When placing the window or door, make certain the area is stable and the surrounding wood is not already rotten or damaged. If it is, that part of your house will need to be replaced before a new installation.
Ceiling Fans or Chandeliers
“It’s not something you want landing in your Christmas turkey,” says Rudy. “If it’s not installed properly, it will fall down.”
Ceiling fans get heavier when they are running as the downward pressure of air adds more weight when the fan spins. Special installation boxes are needed to stabilize and allow the fan to turn, according to Rudy.
Chandeliers often require extra support blocks and opening up the ceiling to find rafters to make sure it doesn’t rip off your ceiling—a process most homeowners can’t handle.
“It’s impossible to know if a wall is structural or load-bearing until you really take a look at it,” says Barbara Kavovit, author of “Invest In Your Nest: Add Style, Comfort, and Value To Your Home.”
If you’re thinking of opening up a room and you don’t have blue prints, it’s best to get a professional to come take a look, says Kavovit. Columns are often structural, but even if they aren’t, they could house something like ductwork for heating and air conditioning.
Typically, interior walls that separate things like bedrooms are just space dividers, but you need to consult architectural plans before you make a mistake. “It’s never good to just assume,” cautions Kavovit.
“It might look easy,” warns Jeff Kaliner, co-founder of Power Home Remodeling Group in Chester, Penn. “You go into the big box stores and they show you how simply the pieces click together, but there’s so much more to it than that.”
One of the most difficult things about installing siding is the prep work, Kaliner said. The existing wood or siding on the home must be removed and disposed of properly. This means a homeowner would need appropriate licensing and perhaps even a dumpster on-site to prevent stray nails and boards from piling up in the front yard.
Once the installation process begins, there are lots of “work-arounds,” Kaliner said.
“There are so many things you have to cut around, like vents, dryer ducts, windows and doors,” Kaliner said. “If you don’t do it right, you’ll end up paying more to have someone come and repair everything after the first big storm.”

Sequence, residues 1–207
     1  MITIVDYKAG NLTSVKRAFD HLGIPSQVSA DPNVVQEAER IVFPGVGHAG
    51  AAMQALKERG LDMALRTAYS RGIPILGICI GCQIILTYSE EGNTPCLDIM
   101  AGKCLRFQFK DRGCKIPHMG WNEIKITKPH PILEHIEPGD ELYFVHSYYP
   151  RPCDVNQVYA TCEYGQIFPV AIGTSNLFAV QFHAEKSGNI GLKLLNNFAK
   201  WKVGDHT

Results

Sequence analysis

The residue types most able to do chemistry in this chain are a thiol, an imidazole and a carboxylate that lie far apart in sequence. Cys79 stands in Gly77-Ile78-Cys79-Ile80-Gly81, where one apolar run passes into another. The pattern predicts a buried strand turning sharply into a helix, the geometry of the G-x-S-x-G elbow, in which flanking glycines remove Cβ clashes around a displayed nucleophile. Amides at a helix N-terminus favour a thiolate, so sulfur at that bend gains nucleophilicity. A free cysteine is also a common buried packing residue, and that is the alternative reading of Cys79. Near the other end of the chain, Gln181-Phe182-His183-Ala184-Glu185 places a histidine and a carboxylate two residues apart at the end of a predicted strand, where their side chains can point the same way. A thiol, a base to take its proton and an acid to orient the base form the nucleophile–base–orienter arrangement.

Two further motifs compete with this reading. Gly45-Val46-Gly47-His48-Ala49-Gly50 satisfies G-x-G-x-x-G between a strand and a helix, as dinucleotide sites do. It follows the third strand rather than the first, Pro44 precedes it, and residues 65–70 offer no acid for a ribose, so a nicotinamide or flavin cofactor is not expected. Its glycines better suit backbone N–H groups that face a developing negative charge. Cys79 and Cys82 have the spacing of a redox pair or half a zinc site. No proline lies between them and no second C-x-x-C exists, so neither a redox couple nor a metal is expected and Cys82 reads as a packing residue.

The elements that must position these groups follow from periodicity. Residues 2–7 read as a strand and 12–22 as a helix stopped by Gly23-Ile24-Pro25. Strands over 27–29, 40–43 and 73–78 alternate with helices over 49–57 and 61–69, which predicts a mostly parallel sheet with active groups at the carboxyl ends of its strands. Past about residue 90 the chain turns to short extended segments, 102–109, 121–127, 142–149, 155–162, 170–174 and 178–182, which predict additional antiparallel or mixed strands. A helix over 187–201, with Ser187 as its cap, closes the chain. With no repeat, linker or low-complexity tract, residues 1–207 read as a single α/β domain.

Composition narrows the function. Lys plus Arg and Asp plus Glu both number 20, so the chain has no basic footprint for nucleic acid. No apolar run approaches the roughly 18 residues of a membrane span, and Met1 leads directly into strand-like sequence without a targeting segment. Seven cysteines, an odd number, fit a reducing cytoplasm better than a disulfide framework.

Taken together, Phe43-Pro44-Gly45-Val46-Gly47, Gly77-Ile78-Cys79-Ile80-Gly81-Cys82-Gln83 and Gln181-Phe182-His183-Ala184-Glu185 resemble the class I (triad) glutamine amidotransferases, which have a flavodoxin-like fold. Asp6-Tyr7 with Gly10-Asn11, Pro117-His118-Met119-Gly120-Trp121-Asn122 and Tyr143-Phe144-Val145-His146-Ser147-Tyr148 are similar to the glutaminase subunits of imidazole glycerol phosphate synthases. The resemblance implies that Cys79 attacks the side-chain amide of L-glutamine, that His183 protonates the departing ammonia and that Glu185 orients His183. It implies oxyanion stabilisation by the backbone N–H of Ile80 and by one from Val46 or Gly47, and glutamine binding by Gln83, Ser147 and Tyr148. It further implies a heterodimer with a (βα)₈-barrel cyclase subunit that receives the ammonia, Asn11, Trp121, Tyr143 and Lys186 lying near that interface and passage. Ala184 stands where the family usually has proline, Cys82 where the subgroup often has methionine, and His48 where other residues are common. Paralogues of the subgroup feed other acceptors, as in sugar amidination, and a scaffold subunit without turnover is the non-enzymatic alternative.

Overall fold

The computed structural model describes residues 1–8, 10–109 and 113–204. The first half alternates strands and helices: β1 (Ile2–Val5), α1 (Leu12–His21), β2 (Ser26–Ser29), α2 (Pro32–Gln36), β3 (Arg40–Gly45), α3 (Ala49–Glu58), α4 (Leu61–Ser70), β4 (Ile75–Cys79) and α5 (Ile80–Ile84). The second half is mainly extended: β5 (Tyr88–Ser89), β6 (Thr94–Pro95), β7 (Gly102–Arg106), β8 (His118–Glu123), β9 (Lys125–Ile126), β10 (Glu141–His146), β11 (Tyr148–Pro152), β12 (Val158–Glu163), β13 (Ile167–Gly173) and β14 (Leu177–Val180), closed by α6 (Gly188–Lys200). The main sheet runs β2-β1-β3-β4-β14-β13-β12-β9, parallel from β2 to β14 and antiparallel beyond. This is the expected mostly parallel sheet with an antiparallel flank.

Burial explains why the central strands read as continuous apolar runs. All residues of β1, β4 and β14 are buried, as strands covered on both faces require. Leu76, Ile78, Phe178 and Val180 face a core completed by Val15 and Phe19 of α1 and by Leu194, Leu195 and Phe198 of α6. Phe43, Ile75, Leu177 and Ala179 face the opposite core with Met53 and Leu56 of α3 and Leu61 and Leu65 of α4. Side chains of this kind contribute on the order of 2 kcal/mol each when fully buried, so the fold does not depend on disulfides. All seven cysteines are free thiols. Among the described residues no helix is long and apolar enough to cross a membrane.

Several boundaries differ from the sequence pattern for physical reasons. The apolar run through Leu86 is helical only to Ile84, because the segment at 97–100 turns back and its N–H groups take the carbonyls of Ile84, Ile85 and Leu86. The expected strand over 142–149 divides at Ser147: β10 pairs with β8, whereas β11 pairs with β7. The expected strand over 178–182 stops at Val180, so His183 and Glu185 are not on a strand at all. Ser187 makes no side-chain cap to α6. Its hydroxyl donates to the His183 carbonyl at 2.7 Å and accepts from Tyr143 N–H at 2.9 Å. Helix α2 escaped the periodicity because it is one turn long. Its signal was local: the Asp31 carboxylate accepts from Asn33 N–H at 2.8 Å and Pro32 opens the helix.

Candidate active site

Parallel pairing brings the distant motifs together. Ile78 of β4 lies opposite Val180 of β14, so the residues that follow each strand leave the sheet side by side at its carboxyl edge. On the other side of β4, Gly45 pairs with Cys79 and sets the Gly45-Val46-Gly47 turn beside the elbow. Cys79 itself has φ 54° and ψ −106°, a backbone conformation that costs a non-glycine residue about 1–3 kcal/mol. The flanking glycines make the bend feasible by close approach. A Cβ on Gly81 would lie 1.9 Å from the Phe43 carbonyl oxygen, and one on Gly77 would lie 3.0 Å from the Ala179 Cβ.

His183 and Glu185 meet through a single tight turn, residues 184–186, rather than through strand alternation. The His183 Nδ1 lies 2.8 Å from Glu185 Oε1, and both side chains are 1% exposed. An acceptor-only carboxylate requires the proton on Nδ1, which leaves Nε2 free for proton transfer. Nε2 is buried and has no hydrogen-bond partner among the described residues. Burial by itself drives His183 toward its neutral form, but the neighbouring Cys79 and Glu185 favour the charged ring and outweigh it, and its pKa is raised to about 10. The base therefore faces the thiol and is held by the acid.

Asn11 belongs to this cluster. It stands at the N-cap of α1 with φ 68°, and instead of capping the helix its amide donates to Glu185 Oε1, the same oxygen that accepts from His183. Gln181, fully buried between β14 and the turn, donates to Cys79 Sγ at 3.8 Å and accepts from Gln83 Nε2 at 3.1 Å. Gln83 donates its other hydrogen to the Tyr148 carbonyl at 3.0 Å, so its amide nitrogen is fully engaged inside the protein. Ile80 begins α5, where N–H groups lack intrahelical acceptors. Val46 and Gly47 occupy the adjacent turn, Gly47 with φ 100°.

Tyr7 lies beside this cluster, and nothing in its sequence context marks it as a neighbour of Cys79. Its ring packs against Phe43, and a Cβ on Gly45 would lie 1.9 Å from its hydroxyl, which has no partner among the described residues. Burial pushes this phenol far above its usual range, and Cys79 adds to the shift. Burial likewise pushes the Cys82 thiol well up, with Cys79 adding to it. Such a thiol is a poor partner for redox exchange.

Proper installation of siding requires lots of specialized equipment to get it right. If not done right, leaks can occur that will rot the wood underneath.
“It’s a hard job,” warns Kaliner. “You’re totally exposed to the elements up there, so you can be burning up, it can be slippery, or you can be freezing to death. The professionals know how to handle any conditions.”
Often when homeowners attempt to repair their roof they cause more harm than good.
“A repair is more of a Band-aid that can disguise more damage,” says Kaliner. If you patch a hole, you can just be redirecting the water to run down between the singles and into the attic.”
Another thing that professional roofers know to do is the application of an ice and water shield, as all the thawing and freezing of a roof can cause significant damage if it’s not treated properly.
If you’re approaching the roof from underneath and going in from the attic, then there are even more hazards to consider, Kaliner says.
“You’ve either got to put plywood down and walk on the rafters or you’re going to fall through.”
If you are confident in your construction skills and looking for a challenge, there are some projects that can be done solo, but experts warn: proceed with caution.
“It’s something everyone thinks they can do,” says Williams. “It’s a paint brush and a gallon of paint, but if you don’t know what you’re doing you’re just going to have to start all over.”
Prep work is at least a third of the job, and tends be something people skimp on. Lack of preparation can be a killer, as trim must be prepped and sanded and sometimes caulking must be used to fill in gaps.
“If there’s a big crack or space you don’t fill, you can put 10 coats of paint on it and it’s always going to be a substandard job,” says Williams.
A good painter can hold a straight line with any type of brush, while other people may have to tape things off and the end product never quite ends up like it should, Williams says. When that happens, you have to either start from scratch or live with something you’re not entirely happy with.
Cleaning the Gutters
“First of all you should never be on a ladder without someone standing there in case you fall,” advises Kavovit. “When things are uneven, like the turf in your front yard, that can throw the ladder off.”
Many homeowners aren’t proactive when it comes to cleaning the gutters and wait until leaks form. Having it done two or three times a year should prevent any major last minute catastrophes during a rainstorm
“Don’t wait until you notice leaks occurring in your basement or you look outside and see your gutters filled with water and leaves,” Kavovit said. “It’s dangerous getting out there and fixing things during bad weather.”